After our second week at school, Andrew and I had another break as my daughter, Lucie, had been to visit. When we returned, it was all change again. Chris, the young German, had made great strides in our absence, mainly because he had initially lived in the school and had started to make Spanish friends. For many of the international students, English is not their first or even second language, so the only language they have in common is Spanish. It makes sense, then, that these international students rapidly become accustomed to communicating in Spanish as their main language.
We were joined by a young French lady called Marie, a Dutch chap called Tristan and as Chris moved to a more advanced level, we were also introduced to a Chinese female student by the name of Huang He. Huang He is an absolute hoot; mad as a March Hare.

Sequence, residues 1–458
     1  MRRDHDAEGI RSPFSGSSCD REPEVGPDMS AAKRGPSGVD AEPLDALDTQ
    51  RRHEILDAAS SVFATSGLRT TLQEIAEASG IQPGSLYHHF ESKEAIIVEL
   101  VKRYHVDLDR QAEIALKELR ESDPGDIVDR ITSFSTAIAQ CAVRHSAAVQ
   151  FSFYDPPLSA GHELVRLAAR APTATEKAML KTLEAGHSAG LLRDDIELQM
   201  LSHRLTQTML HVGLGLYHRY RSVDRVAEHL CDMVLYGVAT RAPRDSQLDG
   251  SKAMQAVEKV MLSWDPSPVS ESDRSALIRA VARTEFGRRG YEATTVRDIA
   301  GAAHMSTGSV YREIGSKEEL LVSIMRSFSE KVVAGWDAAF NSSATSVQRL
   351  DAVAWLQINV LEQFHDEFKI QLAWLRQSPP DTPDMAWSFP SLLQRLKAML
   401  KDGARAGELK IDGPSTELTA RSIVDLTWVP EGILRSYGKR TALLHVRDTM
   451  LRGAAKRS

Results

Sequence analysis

I am still not quite sure what Huang He did back in China, but it had something to do with international business development. She is enrolled in the school for a year, and has been through most of the grammar levels, but has had difficulty with pronunciation, so she tends to flit around different levels accordingly. Everyone in the school seems to know Huang He.
Some of the things we have learned about Huang He:
- Huang He is (quite rightly, as she is a lady) secretive about her age;
- The population of her ‘village’, as she described it, is either 1,300,000 or 13,000,000 - I am not quite sure, but it is a significant number! I believe it might be the latter….